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 February 17, 2021

Out in the Cold? Who Pays When the Pipes Break in Your Home?

Woman in winter coat, hat & scarf inside her freezing cold home

As winter storms plow through most of North America, a lot of people have been forced to ask themselves some challenging questions: What do I do if my pipes burst? And for renters, who is responsible for fixing them, and who is accountable for winter damages?

This is where the landlord/tenant relationship gets complicated.

What You’re Responsible for as a Landlord

In general, it’s the landlord’s job to ensure the tenant has a safe, habitable living space—which means keeping a roof over their head and ensuring their plumbing works.

But like most everything in landlord/tenant situations, the question of ownership in these situations should always be listed out in the lease. This means that for freezing temperature scenarios, the landlord should specify in the lease if he or she has certain safety measures for renters to practice to avoid home damage in cold conditions.

What You’re Responsible For as a Tenant

On the other side of the situation, it’s the tenant’s job to ensure they are taking the right precautions to keep the home undamaged. It could be determined that you didn’t take the necessary actions to prevent damages, even if caused by uncontrolled circumstances, such as the weather. These precautions should be specifically listed out in the lease, so this is where tenants should look first when they’re wondering what to do.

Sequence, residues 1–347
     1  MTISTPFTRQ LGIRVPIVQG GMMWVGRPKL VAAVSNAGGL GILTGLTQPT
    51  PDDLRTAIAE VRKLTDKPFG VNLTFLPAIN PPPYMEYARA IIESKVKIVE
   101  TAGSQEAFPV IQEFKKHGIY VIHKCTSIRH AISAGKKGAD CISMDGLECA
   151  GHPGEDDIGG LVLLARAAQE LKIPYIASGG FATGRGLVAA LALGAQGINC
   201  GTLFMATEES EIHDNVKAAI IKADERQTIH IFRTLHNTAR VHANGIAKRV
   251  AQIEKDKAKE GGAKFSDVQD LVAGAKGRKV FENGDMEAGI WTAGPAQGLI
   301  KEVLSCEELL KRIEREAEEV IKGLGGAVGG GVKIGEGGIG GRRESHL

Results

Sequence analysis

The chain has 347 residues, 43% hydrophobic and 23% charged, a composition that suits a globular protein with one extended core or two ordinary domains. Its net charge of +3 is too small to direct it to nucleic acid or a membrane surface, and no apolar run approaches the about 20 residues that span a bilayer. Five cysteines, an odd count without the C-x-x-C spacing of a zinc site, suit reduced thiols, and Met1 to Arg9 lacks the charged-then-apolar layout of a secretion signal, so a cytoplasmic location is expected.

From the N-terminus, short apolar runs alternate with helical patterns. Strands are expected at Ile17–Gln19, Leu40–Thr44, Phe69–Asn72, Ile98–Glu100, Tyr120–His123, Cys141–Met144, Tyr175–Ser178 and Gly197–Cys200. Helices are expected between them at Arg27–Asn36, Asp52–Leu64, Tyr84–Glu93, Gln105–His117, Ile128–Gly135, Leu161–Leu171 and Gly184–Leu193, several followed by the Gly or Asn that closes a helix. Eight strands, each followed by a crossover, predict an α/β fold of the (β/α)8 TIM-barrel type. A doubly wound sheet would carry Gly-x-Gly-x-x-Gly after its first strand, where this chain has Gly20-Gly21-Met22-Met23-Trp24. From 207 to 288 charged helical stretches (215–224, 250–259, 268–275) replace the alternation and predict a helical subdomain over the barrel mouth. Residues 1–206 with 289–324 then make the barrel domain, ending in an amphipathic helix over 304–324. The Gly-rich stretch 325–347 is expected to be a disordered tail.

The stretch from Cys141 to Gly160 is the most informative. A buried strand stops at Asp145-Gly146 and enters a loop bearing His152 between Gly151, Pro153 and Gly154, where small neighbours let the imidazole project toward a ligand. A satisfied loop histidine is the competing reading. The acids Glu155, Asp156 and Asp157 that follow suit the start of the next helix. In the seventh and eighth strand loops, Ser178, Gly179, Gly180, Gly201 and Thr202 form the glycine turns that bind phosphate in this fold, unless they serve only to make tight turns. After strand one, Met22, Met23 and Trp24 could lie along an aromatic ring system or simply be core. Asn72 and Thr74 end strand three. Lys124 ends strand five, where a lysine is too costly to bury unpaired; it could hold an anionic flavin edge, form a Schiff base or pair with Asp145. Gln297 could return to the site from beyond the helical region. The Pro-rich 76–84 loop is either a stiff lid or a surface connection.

Some possible things it might say in the lease when it comes to freezing temperatures could be:

  • Let the sink and faucet drip
  • Keep the thermostat at a certain temperature to avoid weather damage
  • Keep interior doors open to keep home a consistent temperature
  • Keep the garage door closed

If precautions are not mentioned in the lease, the landlord is ultimately on the hook for repairing the pipes and any damage to the property. Important note though: This only applies to the physical property, not your personal belongings and furniture! So if you do have a flood, you will be responsible for YOUR personal property, which is why it’s always recommended to have renter’s insurance.

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